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The first year I dutifully filled it with strawberries, which the city deer enjoyed as they didn’t have to bend down to eat them.  The chicken wire slowed them down a little, but they soon figured out how to get that off there and eat unimpeded by my amateurish attempts to be smarter than a deer.  In subsequent years, I’ve done tomatoes with great success, lettuce, and strawberries again.  Now I have a formal strawberry bed, so I think I’ll be planting this entirely in basil this year.  Because pesto.  Why else?

Dad and I also “built” a cold frame.   Cold frames are great when you want to start your plants, or have lettuce in wintertime, or other such pursuits where warmth is at a premium.  We built the box, with the back higher than the front, and then we got annoyed trying to get the sides to fit.  This year I have straw bales on either side, so that’s worked.  I used some old windows for the glass.  The bottom is covered in pea gravel, and with the south exposure (not really the best illustration in this photo) it gets a LOT of sunshine.  It gets reasonably warm inside.

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In the continuing spirit of repurposing things, the BSE found some pretty nice fencing on the curb in her sub.  She scooped it up and we contained my unruly mess of blackberries.  It looks much nicer and it is much easier to maintain.  The panels lift off posts, so it is easy to get in to prune, or pick.  We looked up the price of these panels, and this certainly wasn’t something I would have paid retail to get. Sometimes you luck out, while curb surfing.

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Note the sweet old Coleman cooler, one of my favorite curb suring finds.  It’s currently being prepped for another season of lettuce outside the back door of my kitchen.  At the time of the photo it was kicking out a MESS of heirloom tomatoes!  At least, it was till the jackrod rabbits decided they liked tomatoes.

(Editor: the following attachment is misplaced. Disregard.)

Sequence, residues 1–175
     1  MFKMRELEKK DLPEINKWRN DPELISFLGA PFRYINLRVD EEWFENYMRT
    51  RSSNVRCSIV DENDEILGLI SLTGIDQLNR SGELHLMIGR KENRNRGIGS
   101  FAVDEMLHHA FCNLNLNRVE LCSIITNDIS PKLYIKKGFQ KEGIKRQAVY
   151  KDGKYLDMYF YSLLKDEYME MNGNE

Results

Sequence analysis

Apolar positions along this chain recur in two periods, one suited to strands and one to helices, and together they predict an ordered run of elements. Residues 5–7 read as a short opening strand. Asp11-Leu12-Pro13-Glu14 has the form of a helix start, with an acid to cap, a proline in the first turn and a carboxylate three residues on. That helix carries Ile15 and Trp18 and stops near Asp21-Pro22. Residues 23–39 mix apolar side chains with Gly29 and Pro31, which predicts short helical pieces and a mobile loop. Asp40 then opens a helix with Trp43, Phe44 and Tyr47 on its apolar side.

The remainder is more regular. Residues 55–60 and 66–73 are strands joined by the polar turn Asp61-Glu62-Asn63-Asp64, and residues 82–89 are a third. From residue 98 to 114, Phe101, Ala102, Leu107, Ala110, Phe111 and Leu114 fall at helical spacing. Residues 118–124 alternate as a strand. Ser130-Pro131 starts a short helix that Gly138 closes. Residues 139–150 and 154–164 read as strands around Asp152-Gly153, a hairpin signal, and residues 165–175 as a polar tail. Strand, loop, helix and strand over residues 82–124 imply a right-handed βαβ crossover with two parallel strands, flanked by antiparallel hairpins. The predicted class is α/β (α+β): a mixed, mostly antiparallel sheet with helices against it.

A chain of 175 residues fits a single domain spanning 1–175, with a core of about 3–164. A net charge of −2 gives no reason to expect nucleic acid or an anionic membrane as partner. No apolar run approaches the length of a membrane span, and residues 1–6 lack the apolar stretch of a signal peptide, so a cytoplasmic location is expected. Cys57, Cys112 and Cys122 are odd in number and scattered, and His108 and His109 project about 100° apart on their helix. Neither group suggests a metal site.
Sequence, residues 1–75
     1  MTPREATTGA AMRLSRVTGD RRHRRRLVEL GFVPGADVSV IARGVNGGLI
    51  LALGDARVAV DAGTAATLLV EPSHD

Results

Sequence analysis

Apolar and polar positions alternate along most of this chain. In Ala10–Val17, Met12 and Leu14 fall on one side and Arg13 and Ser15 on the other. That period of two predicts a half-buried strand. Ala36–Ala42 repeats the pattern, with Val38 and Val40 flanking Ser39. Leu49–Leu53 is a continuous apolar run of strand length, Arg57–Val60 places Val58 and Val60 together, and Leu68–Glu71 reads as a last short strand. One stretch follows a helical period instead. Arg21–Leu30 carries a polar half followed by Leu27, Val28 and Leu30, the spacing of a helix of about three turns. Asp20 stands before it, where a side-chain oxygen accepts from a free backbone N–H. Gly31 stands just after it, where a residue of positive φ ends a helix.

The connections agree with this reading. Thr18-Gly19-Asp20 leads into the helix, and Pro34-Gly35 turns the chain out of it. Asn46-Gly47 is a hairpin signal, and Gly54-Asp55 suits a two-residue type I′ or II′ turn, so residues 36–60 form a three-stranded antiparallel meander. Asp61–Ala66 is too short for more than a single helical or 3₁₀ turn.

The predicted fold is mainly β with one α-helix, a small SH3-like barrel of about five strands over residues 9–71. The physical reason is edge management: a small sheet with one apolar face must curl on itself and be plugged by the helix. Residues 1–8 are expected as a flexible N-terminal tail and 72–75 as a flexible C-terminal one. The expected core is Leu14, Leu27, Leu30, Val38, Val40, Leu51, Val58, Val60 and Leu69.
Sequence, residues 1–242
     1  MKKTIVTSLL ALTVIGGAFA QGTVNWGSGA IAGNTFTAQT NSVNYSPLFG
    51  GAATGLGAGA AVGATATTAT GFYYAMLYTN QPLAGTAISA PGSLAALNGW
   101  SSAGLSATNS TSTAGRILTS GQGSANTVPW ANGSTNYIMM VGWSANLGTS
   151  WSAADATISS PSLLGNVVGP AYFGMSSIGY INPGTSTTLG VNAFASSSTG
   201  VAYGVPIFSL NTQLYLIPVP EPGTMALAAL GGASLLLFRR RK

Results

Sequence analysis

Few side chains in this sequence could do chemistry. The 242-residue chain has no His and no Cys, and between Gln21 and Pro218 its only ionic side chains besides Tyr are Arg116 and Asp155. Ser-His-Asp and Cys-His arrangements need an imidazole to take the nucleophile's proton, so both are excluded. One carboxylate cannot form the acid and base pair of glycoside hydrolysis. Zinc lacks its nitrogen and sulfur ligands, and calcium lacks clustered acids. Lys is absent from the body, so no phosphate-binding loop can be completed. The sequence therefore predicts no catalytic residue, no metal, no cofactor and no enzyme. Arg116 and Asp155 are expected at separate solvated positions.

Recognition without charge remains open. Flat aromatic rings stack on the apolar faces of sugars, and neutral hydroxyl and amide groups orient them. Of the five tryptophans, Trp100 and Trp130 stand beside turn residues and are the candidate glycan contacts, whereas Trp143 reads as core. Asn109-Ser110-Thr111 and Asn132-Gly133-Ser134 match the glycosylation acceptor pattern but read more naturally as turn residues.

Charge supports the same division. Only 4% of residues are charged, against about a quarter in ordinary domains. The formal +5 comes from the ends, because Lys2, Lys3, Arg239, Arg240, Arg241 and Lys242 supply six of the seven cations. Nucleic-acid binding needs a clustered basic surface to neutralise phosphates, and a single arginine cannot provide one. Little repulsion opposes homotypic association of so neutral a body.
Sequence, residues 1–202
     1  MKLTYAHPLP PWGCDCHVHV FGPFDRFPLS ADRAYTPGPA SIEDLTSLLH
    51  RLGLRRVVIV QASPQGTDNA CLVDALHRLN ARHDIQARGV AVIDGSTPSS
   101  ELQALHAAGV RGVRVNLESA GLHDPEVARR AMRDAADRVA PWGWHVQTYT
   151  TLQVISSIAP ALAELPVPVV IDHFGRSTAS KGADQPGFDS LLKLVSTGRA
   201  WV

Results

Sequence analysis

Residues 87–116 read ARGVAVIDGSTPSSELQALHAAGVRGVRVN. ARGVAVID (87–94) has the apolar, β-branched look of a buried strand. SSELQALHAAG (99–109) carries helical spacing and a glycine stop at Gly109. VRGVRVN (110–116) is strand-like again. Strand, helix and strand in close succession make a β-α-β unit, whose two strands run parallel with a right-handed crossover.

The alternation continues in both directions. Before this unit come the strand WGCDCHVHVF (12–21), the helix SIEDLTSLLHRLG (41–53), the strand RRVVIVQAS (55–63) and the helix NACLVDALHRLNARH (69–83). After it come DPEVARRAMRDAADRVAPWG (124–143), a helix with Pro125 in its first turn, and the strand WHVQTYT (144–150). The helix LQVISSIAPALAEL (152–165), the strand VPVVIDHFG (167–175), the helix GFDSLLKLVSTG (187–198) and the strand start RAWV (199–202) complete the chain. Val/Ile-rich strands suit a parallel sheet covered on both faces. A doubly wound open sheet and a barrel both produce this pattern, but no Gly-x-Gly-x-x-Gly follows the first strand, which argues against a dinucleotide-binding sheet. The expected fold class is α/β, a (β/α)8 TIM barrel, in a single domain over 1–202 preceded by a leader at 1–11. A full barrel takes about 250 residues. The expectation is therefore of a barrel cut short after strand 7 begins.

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In my pursuit for more growing space, I prepared two plots in the back of the yard. I put down cardboard that I got from our former cafe at work, and from a coworker who had a passel of it that she wanted gone. I laid straw down over the top of it and let time/nature do its thing.   The neat frames you see there were donated to me by two dear friends who decided they didn’t need them, as they came with the house they bought.  Another friend drove to the west side of Kalamazoo and brought them to me!

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So, you see the basic structure of the space I have right now.  My next posts will be about growing things in straw bales, growing potatoes in pots, and the plans I have for making my yard a yarden this summer.  I’ve bought plants and seeds, and I can’t wait to tell you about them!

Author: Amy Crabtree Campbell

figuring it out as I go, since 1967

4 thoughts

  1. A “yarden” — how delightful!! Almost makes me want to try my hand at growing but I’ll leave up to your now experienced hands. Obviously a labor of love despite the work I know you put forth. So glad you like getting dirty!

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  2. Hey, I think your website might be having browser compatibility issues. When I look at your blog site in Firefox, it looks fine but when opening in Internet Explorer, it has some overlapping. I just wanted to give you a quick heads up! Other then that, awesome blog!

    Like